Installation view, Emily Carr University Concourse Gallery,2017.
**On view Anomalies and Fungi. These two works are part of the project Living organisms for living spaces.
In this project, I turned to my personal narrative to understand the dark legacy of the Colombian colonial past. I took cultural objects related with that legacy I analyzed them and from there I chose to work with fabrics and garments. These materials were associated with a language of ornamentation, then I observed ornamentation played an important role to establish power and domination in that colonial past. My investigation of ornamentation raises questions about the ornament as both a cultural strategy and biological consequence. This research gave me the tools to intertwine implicit signifiers of materials used in domestic decoration as old signs of power and pushed me to develop the idea of creating a hypothetical ecosystem of cultural signifiers. I used the sense of domestication of nature as the metaphor to speak about control. Works such as Fungi and Anomalies are my gestures to navigate among ambiguities and tensions. I am challenged by ornamentation as an opportunity to investigate the tension between aesthetic strategy and biological response.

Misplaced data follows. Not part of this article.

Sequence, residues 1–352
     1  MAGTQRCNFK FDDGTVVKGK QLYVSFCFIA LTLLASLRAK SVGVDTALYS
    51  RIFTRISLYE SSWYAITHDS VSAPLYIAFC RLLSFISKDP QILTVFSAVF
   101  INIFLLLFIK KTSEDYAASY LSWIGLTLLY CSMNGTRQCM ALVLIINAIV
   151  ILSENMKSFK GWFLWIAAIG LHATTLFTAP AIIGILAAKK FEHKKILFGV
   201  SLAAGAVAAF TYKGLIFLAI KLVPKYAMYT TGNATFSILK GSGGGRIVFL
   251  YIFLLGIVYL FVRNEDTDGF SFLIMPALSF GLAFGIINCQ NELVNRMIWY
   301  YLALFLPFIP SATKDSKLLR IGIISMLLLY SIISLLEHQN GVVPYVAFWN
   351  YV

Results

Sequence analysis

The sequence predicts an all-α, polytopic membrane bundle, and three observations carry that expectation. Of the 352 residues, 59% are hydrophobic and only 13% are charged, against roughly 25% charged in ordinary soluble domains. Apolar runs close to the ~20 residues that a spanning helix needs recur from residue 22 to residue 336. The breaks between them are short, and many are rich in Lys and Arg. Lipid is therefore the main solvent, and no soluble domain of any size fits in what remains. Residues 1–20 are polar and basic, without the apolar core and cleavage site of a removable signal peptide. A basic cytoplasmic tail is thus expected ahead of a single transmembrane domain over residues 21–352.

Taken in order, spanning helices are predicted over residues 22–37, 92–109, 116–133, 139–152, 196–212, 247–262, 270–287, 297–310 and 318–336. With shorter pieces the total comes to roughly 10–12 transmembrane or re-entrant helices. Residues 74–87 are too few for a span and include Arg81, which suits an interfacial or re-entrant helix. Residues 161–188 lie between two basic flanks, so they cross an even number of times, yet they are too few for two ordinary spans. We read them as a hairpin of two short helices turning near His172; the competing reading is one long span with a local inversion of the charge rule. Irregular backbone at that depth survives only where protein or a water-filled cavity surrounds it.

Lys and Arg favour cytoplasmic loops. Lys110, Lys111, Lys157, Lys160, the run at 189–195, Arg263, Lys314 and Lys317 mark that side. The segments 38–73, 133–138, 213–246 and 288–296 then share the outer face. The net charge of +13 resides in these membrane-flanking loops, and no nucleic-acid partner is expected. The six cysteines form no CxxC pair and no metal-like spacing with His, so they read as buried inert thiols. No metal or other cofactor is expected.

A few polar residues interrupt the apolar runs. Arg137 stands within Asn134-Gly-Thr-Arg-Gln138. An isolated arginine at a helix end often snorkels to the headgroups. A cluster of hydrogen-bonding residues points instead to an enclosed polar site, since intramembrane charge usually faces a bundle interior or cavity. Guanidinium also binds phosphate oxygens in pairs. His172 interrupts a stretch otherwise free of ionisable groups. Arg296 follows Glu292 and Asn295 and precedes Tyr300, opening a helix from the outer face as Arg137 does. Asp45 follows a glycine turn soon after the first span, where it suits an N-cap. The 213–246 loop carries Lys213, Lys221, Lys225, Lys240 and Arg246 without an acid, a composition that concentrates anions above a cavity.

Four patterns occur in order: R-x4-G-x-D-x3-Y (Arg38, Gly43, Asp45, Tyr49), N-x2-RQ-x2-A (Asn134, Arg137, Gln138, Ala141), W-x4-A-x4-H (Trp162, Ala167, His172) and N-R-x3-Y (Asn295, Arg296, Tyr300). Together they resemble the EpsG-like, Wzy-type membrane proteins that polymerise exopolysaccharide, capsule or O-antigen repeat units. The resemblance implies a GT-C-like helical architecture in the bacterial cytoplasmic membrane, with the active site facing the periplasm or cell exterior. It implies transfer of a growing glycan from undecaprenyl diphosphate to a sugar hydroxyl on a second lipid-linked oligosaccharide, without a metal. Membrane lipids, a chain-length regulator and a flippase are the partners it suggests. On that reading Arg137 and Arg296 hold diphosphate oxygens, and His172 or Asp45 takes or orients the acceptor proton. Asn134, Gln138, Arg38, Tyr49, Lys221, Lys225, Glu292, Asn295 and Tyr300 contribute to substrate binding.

Today’s laws of nature are well explained by science, but still we have a lot to discover that can change our perceptions and paradigms. When I try to unpack how culture operates I cannot separate it from behaviors that seem to be embedded in our own nature. I still find the relationship between culture and nature a messy one that keeps me interested in continuing to problematize our human condition.